This article is part of an ongoing series covering violations of real estate law. Here, the Department of Real Estate (DRE) revoked the real estate license of a real estate corporation, later leading the designated officer to voluntarily surrender their broker license, for allowing an unlicensed employee to solicit and contract with their principal, and failing to disclose a conflict of interest.

In June 2022, the California Department of Real Estate (DRE) decided by default decision to revoke the license of Outfit Realty, Inc. (ORI), a real estate corporation since 2008 operating out of Ontario, California. The decision became effective September 2022.

Richard Joseph Minogue was the designated officer of ORI since 2017. As designated officer, Minogue was required to comply with stringent supervision requirements of all licensed and unlicensed staff. In October 2022, Minogue surrendered their broker license in connection with the disciplinary action taken against ORI.

David Garza, an unlicensed broker assistant and CEO of ORI, solicited a distressed homeowner, offering them foreclosure assistance.

When the owner met with Garza and Minogue, Garza pivoted the conversation away from foreclosure assistance and towards selling the owner’s property in a short sale.

The owner agreed and entered into a Residential Listing Agreement, giving ORI and Minogue the exclusive right to sell their property from May 2019 to May 2020. The listing price was set at $600,000. [See RPI Form 102]

Despite Minogue’s duty to supervise the activities of their staff to ensure compliance with real estate law, Minogue allowed Garza to communicate and negotiate with the owner about potential buyers, terms of the sale, offers and costs — all real estate activities requiring a real estate license. [Calif. Business and Professions Code §§10130 and 10137]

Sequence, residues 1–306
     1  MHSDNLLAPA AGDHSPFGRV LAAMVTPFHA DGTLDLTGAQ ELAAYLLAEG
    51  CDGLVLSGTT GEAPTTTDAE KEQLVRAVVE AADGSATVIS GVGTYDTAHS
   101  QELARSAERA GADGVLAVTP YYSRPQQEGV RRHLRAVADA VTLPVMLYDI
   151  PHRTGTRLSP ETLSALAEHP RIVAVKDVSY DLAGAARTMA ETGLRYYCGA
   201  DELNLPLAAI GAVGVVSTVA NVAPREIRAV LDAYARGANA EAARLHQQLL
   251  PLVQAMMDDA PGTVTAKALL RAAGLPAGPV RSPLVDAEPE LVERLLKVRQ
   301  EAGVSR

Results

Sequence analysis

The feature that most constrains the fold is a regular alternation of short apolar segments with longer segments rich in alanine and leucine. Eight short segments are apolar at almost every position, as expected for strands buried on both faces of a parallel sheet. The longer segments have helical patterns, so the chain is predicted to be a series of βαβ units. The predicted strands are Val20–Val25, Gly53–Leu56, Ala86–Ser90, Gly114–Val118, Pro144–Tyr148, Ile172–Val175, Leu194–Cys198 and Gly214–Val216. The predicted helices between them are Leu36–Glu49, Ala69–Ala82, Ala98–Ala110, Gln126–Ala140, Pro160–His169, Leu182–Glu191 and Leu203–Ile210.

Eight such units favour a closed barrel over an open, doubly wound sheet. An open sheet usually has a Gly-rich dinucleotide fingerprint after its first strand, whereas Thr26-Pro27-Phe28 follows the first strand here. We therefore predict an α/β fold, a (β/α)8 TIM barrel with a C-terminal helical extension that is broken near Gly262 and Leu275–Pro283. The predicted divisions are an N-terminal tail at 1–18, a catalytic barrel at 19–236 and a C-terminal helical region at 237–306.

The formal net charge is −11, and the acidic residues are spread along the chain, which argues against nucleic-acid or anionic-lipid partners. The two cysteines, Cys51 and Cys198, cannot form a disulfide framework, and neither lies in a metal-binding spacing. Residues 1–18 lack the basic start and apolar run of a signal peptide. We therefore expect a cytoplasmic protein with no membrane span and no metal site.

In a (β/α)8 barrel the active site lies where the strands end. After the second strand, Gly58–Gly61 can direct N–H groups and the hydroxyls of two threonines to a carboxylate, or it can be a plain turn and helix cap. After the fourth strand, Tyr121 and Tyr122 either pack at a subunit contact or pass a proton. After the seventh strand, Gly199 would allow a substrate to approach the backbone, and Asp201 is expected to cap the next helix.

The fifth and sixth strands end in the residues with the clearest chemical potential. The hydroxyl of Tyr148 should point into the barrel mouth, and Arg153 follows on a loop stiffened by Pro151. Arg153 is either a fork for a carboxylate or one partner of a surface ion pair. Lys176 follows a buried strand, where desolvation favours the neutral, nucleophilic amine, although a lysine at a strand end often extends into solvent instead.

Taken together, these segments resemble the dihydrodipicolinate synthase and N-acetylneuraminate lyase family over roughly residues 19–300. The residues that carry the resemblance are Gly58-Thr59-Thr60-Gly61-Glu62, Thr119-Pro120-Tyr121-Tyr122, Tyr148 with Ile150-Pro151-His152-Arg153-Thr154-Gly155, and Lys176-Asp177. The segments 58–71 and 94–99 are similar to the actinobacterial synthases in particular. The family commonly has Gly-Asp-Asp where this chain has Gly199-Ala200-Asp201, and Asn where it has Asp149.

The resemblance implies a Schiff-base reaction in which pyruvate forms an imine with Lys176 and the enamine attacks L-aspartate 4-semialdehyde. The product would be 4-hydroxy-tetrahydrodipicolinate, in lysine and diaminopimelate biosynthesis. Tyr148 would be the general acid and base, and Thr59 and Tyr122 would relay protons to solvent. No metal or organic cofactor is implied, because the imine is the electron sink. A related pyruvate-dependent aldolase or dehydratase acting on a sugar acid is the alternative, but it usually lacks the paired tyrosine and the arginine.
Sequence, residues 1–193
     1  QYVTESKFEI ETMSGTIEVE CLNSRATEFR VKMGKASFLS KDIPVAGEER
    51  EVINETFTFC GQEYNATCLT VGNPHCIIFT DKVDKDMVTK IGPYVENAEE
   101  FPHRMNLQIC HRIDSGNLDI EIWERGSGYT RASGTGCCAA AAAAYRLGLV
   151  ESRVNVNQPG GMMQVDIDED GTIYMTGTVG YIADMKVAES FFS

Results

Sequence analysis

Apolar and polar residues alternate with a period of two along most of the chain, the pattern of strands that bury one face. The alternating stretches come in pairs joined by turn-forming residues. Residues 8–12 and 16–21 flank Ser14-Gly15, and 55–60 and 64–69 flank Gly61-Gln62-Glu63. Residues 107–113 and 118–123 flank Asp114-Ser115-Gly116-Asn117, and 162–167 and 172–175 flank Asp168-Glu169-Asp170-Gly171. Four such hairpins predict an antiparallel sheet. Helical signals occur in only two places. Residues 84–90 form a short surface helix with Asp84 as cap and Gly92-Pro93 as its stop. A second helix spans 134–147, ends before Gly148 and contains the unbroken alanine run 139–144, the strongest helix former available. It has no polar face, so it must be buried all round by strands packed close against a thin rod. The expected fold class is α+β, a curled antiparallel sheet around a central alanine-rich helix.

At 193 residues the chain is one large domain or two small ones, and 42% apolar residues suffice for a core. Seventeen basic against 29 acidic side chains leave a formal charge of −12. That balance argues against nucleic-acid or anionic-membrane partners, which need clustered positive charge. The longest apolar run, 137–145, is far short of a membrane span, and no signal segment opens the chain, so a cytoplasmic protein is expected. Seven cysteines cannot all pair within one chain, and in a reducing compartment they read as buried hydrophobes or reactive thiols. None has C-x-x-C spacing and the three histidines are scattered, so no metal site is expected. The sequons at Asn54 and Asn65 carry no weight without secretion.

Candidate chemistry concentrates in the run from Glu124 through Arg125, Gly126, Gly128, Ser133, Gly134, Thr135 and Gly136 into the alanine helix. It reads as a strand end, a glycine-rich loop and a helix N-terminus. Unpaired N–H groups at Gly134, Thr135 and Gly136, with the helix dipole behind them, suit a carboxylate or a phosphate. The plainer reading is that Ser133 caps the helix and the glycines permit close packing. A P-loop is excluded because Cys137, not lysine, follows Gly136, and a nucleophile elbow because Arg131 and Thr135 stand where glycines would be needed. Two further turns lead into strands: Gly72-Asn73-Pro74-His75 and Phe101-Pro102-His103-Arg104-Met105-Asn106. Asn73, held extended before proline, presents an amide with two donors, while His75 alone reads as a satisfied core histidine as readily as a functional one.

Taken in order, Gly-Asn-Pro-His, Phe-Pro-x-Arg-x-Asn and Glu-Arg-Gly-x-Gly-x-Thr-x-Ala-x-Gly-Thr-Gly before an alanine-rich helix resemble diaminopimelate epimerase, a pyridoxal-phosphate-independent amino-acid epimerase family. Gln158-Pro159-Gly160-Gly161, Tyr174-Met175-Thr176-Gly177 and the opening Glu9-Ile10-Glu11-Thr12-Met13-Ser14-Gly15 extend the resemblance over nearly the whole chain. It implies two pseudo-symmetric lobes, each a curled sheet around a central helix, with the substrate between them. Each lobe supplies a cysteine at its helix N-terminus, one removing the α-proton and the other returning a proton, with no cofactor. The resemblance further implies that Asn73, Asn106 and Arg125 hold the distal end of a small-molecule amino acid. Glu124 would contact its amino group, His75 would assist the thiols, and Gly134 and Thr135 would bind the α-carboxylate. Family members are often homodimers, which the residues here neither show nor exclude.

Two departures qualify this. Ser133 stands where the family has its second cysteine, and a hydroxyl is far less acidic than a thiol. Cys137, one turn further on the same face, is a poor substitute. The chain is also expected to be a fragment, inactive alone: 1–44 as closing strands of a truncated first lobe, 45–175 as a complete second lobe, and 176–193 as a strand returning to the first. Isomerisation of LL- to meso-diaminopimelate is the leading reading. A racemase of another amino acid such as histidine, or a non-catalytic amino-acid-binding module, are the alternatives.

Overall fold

In June 2019, a business associate of ORI and Garza, John Thomas, LLC, through John Refaat Habashy, a broker, submitted a Notice of Default Purchase Agreement to purchase the owner’s property for $525,000 in a short sale arrangement.

Garza, ORI and Minogue recommended the owner sell the property to John Thomas, LLC. Despite Minogue’s fiduciary duties to the owner as the owner’s exclusive agent, at no time did Minogue inform the owner of the business relationship ORI had with Habashy — a conflict of interest.

In June 2019, the owner accepted John Thomas, LLC’s offer of $525,000. The owner’s mortgage holder agreed to and accepted the payoff amount. In July 2019, escrow closed and the property was sold to John Thomas, LLC for $525,000. A conflict of interest disclosure was never given to the owner informing them the buyer was a business associate of the brokerage, denying the owner the opportunity to take this relationship under advisement when considering the merits of the offer submitted. [See RPI Form 527]

Related Video: Word-of-the-Week: Conflict of Interest

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Further, throughout the transaction, Minogue failed to exercise reasonable supervision and control over the licensed activities of ORI and its employees and associates, including Garza, to ensure full compliance with real estate law and DRE regulations. [Bus & P C §§10159.2 and 10177(h); DRE Regulations §2725]